DETROIT (Bloomberg) -- Ford Motor Co., which launched output of the Fusion at a plant in Michigan today to boost availability of the mid-sized sedan, said the factory could produce another model as demand grows.
"We certainly have the flexibility for the future to do more," Joe Hinrichs, Ford's president of the Americas, told reporters today as the first Fusion sedans rolled off the assembly line in Flat Rock, Mich.
"We're trying to get our capacity set up to meet demand. With the growing demand for our trucks, growing demand for Fusion, other product lines, that's what we're focused on."
Ford is hiring almost 6,500 new workers this year in the United States, where Ford is the second- largest automaker and leads the industry in market share growth through 2013's first seven months.
The Fusion is challenging Toyota Motor Corp.'s Camry as the nation's top-selling car while selling at an average premium of more than $2,300 per vehicle.
The additional shift of 1,400 new workers at the Flat Rock plant will boost Fusion capacity more than 30 percent, the company said today in a statement.
Demand for the car overwhelmed the only factory where it had been made, in Hermosillo, Mexico.
"We could have sold more if we had more," Hinrichs, 46, said of the Fusion. "We expect the sales momentum to stay here in the U.S. and around the world."
The Flat Rock plant now builds the Fusion and the Mustang sports car, which are based on different vehicle architectures.
"The Mustang and the Fusion are two different platforms, so we'll be introducing two right now, but we certainly have the flexibility for the future to do more," Hinrichs said. "We could do a lot of different things."
"The Mustang and the Fusion are two different platforms, so we'll be introducing two right now," with flexibility for more, Hinrichs said. "We could do a lot of different things."
The UAW also signaled that Ford may add another new vehicle at the plant.
"I don't think we're done yet," said Tony Bondy, chairman of UAW Local 3000, which represents hourly workers at the Flat Rock plant. "I'll leave it at that."
The Flat Rock plant is about 25 miles southwest of downtown Detroit, which last month filed for the largest municipal bankruptcy in U.S. history. Detroit is reorganizing as the U.S. auto industry nears its fourth straight annual sales gain, the longest streak in more than a decade.
"If it had not been for the auto industry, Michigan would be in the same shape that Detroit is in," Jimmy Settles, vice president of the Detroit-based UAW's Ford department, said today at the factory. "The rebound of the auto industry is the reason why Michigan is prospering."
The U.S. seasonally adjusted annualized sales rate for August may climb to about 16 million cars and light trucks, Erich Merkle, Ford's U.S. sales analyst, said today at the plant. The monthly pace last exceeded that level in November 2007, according to researcher LMC Automotive.
Automakers report August sales results on Sept. 4.
The Fusion's sales surge -- 13 percent this year through July -- has cut a quarter of Camry's lead, has demonstrated how much consumers care about attractive design and shown how aggressively U.S. carmakers can now compete in all segments.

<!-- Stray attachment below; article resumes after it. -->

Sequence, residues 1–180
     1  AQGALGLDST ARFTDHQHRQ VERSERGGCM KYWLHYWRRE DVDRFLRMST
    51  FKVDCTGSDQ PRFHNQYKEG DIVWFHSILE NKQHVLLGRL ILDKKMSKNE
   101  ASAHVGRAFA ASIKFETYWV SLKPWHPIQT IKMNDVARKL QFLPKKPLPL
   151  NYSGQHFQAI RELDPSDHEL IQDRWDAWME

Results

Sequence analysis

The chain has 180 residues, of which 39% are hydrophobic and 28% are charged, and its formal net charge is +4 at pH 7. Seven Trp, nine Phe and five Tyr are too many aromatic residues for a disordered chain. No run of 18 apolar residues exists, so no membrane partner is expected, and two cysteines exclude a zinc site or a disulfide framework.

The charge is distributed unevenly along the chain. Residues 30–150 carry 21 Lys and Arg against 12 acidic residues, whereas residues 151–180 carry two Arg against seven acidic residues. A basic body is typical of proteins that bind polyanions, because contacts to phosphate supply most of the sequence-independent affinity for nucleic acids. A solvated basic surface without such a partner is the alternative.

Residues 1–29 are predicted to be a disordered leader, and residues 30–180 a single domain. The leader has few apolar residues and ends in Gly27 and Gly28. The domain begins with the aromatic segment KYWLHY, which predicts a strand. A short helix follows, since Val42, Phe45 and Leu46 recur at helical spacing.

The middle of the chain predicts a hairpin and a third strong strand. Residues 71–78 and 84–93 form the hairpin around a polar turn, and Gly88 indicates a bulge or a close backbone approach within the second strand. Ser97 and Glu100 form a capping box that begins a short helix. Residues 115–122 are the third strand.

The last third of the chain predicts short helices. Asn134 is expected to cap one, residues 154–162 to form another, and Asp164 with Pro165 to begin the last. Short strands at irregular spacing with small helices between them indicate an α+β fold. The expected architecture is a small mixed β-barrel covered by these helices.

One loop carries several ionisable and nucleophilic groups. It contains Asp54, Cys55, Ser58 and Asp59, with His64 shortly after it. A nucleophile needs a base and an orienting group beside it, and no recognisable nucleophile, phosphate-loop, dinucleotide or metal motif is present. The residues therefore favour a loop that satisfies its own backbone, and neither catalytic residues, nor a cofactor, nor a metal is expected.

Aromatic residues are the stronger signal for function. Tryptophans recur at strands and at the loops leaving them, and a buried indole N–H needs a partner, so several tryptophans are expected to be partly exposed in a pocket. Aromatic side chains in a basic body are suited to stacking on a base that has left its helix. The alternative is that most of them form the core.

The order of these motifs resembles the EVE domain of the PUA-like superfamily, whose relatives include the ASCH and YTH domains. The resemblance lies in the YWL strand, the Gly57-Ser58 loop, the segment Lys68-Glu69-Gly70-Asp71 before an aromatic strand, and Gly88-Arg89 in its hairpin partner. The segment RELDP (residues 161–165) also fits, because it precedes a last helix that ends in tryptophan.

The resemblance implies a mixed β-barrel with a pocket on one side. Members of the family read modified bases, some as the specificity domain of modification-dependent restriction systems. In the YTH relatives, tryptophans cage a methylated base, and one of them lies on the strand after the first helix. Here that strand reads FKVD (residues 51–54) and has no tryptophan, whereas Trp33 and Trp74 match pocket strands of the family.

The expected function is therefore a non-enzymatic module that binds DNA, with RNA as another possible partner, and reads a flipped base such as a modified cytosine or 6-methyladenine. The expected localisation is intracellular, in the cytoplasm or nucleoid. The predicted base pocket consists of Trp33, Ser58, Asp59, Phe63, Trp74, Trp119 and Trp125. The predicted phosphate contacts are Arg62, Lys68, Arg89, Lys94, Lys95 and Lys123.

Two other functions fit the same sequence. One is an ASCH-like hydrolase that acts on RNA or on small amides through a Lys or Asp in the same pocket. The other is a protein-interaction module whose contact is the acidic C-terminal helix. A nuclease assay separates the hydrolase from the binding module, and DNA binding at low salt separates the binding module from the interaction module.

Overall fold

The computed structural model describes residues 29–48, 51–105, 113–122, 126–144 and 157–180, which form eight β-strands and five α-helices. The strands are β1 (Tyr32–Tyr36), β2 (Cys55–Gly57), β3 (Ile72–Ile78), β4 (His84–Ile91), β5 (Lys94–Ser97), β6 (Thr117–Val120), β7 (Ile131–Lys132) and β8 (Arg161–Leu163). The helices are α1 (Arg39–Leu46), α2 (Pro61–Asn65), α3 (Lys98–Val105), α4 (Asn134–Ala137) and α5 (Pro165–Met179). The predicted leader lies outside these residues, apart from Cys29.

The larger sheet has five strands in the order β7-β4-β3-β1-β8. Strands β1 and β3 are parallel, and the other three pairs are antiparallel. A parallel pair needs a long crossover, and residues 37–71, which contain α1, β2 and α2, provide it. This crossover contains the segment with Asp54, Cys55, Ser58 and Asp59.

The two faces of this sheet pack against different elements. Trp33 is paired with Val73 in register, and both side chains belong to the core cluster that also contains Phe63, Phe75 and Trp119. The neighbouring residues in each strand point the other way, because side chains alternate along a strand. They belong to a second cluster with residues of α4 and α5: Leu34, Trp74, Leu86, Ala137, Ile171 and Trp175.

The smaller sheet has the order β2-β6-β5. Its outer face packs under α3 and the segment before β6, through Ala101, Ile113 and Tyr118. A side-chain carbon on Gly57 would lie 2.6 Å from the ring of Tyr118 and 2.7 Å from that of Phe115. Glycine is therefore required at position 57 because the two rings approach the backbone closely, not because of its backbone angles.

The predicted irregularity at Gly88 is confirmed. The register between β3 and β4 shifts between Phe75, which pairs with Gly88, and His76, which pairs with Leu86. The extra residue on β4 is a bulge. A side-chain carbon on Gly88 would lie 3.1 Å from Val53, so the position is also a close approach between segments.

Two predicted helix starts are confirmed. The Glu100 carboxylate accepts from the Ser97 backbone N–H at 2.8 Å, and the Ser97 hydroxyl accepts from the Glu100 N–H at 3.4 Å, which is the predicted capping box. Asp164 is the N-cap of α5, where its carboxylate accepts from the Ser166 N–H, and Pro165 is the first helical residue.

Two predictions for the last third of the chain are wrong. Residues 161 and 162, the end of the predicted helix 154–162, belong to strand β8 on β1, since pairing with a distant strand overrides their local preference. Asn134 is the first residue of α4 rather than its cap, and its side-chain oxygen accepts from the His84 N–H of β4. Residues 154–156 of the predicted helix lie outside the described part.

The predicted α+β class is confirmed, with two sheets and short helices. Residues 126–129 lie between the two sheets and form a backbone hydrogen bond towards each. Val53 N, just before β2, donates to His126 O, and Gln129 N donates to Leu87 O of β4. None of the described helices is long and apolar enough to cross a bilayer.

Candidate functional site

Camry has been the market's best-selling car for the past 11 years and 15 of the last 16. Ford's Hermosillo plant couldn't make more than about 350,000 Fusions and Lincoln MKZ sedans annually, according to LMC Automotive.
The Flat Rock factory will be able to produce as many as 100,000 more Fusions a year, LMC said.
The availability of Fusion in North America will rise to as much as 350,000 cars annually, according to Ford's statement. The average Fusion selling price this year through July rose 5.8 percent to $26,343, behind only Volkswagen AG's Passat among mid-size cars, according to Kelley Blue Book.
Fusions are selling at a premium of $1,176 to the segment average and $2,378 above Toyota's Camry, which ranks No. 11 in segment pricing this year, behind entries such as Chrysler Group LLC's 200 sedan, said Kelley Blue Book, which includes some incentives in its analysis.
Camry's average prices have fallen 2 percent to $23,965, and the car has slipped from ranking eighth in the segment a year ago.
The added Fusion output draws Ford closer to production levels that Toyota and Honda Motor Co. reach with their Camry and Accord.
It also positions the No. 2 U.S. automaker to continue growing in coastal states that were long a source of weakness.
"Our share is up significantly, and importantly our share is growing in important trend markets like California," Mark Fields, Ford's chief operating officer, said on Bloomberg Television today. "The vehicle has a personality."
In California, where U.S. carmakers have struggled for years, the Ford brand's 18 percent jump in light-vehicle sales during the year's first half put the marque within 0.1 percentage point of the Honda brand's market share, according to the California New Car Dealers Association.
Fusion is a standout among Detroit's most competitive set of cars in a generation.
The model's redesign has drawn comparisons to Aston Martin styling. General Motors' Chevrolet Impala last month received the highest rating from Consumer Reports among all sedans, a first in at least 20 years for a U.S. carmaker to have outscored all Japanese and European competitors in that segment.
"There's no doubt the Detroit Three have made fantastic progress," Mark Hogan, who in March was the first American to be appointed as an outside director to Toyota's board, told reporters Wednesday in Ypsilanti, Mich. "Toyota loves the competition and we'll keep getting better and better, too."